After polls closed across France at 8 p.m. local time (2 p.m. ET), polling companies Opinionway, Harris and Ifop worked with media organizations to publish projected results based on early voting patterns. This method has accurately predicted French elections in the past.
The final result will be announced by the country’s interior ministry on Monday.
Opinion polls put Macron about 10 points ahead in the campaign’s final days — too close for comfort for a leader who consistently urged voters not to be complacent in the face of Le Pen’s far-right threat.
The campaign was beset by apathy, with many voters dissatisfied with either candidate. With just three hours before the last voting stations closed, turnout was 63 percent — down two points compared with the same time five years ago.
But ultimately Macron, 44, looks to have won a clear victory that surpassed those polls, surging in the final stages to earn five more years at the helm of the European power.
He will become the first president since Jacques Chirac two decades ago to secure a second term in office, but must now confront domestic dissatisfaction as well as the effects of both the Covid-19 pandemic and the ongoing war on the continent.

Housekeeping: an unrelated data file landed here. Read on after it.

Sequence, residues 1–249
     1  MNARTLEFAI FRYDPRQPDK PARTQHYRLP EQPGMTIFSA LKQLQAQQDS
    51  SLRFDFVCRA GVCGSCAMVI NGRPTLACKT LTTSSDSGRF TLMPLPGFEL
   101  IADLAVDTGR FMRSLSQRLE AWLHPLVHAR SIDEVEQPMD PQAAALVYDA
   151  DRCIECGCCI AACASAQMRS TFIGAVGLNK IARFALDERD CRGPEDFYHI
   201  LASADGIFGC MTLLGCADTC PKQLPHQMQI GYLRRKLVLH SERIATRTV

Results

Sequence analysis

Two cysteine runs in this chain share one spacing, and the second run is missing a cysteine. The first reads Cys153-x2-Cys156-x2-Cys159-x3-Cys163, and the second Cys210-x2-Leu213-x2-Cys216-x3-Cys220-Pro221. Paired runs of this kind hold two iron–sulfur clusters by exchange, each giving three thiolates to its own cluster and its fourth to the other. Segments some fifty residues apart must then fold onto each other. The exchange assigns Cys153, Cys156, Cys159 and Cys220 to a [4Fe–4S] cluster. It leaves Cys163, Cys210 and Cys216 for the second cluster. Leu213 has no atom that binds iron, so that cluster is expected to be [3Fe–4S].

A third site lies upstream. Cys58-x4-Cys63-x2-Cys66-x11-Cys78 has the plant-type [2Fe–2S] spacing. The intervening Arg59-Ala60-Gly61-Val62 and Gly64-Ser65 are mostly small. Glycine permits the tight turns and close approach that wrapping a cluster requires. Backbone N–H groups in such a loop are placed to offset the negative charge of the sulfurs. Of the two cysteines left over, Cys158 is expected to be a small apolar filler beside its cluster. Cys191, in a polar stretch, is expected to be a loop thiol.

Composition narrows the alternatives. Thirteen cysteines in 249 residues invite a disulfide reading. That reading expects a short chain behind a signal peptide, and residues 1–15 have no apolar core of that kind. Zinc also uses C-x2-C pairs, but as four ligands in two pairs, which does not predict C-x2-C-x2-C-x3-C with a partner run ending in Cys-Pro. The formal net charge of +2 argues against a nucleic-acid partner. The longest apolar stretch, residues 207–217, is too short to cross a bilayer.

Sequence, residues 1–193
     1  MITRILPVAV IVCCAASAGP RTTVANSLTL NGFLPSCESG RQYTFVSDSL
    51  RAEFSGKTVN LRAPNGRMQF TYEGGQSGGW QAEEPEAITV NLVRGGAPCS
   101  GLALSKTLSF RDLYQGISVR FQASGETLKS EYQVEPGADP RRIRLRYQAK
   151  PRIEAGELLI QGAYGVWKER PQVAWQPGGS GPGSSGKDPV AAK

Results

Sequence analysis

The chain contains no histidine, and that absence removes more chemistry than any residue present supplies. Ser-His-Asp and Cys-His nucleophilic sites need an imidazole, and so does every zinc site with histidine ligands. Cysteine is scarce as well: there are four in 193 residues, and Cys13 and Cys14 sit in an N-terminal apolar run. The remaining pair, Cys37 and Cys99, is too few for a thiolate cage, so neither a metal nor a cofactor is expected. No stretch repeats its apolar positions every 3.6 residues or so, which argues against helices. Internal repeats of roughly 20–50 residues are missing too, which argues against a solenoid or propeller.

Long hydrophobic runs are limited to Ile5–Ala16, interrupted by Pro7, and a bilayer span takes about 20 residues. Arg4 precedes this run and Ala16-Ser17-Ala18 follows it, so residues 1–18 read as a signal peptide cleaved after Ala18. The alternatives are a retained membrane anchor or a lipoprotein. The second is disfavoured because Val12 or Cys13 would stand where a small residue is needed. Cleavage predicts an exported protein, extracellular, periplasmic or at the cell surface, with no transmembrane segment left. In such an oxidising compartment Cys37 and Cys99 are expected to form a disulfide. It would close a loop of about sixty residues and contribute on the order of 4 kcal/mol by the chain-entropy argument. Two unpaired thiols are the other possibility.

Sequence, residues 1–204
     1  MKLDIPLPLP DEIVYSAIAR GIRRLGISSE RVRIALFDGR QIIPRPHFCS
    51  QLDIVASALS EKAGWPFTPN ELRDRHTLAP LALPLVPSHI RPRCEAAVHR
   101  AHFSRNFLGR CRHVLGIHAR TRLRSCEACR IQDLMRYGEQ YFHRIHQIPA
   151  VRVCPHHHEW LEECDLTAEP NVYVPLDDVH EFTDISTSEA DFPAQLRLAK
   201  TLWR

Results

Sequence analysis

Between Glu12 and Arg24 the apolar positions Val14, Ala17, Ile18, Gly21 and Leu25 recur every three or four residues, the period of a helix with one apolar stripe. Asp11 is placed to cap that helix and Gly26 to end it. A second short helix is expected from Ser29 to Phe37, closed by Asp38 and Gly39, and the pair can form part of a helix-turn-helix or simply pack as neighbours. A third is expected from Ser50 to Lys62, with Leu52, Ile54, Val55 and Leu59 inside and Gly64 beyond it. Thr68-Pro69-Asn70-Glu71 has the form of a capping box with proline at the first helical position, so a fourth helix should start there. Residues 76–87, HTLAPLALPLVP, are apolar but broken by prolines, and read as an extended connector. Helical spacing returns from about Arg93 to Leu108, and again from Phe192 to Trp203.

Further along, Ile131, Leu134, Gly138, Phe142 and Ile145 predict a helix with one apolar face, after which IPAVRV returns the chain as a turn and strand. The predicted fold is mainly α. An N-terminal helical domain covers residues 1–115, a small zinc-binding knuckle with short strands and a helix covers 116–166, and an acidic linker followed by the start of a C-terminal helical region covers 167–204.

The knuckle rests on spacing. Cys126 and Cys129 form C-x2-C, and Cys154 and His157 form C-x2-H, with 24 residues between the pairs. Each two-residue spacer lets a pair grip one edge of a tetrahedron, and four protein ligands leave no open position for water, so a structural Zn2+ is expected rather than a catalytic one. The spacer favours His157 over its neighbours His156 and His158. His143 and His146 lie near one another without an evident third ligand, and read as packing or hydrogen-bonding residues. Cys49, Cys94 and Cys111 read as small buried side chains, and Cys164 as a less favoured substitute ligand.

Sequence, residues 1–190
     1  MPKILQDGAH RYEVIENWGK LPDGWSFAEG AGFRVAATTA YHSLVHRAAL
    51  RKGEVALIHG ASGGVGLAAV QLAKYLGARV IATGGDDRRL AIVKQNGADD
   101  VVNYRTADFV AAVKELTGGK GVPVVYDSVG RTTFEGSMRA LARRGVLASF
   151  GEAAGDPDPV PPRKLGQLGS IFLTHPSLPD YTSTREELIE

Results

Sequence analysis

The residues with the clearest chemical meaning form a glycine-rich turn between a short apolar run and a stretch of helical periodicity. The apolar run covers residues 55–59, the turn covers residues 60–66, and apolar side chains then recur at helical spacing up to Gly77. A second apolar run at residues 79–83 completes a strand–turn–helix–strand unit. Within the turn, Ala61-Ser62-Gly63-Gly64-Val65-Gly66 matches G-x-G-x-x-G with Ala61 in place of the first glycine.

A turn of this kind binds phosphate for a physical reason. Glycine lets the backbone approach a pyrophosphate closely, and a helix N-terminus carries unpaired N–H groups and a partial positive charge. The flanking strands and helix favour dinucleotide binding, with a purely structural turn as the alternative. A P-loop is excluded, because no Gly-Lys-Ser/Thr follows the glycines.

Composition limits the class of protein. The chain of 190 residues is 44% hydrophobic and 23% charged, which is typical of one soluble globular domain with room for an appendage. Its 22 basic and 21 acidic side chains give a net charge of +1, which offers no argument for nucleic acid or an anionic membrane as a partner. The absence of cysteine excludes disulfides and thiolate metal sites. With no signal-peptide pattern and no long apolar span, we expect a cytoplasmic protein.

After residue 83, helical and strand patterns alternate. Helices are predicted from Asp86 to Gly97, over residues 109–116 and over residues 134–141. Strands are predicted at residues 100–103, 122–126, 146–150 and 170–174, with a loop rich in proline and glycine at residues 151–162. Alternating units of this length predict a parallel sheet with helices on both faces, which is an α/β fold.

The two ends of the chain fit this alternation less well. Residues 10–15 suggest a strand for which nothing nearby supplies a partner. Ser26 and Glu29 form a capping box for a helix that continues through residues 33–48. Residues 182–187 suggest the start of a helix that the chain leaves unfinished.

Both candidates were pinning their hopes on attracting some of the 7.7 million voters who initially backed the firebrand socialist candidate Jean-Luc Melenchon, who came third in the first round of the election on April 10.
Le Pen’s performance in this election shows how much France has changed politically, with mainstream center-left and center-right parties obliterated in the first round.
In 2002, Chirac won a landslide 82 percent victory over Jean-Marie Le Pen, Marine’s father, in a swell of opposition to his hardline anti-immigration stance.
In recent years she has sought to soften her image and distance her party from her family’s often toxic political legacy and association with Holocaust denial.
Associated Press contributed.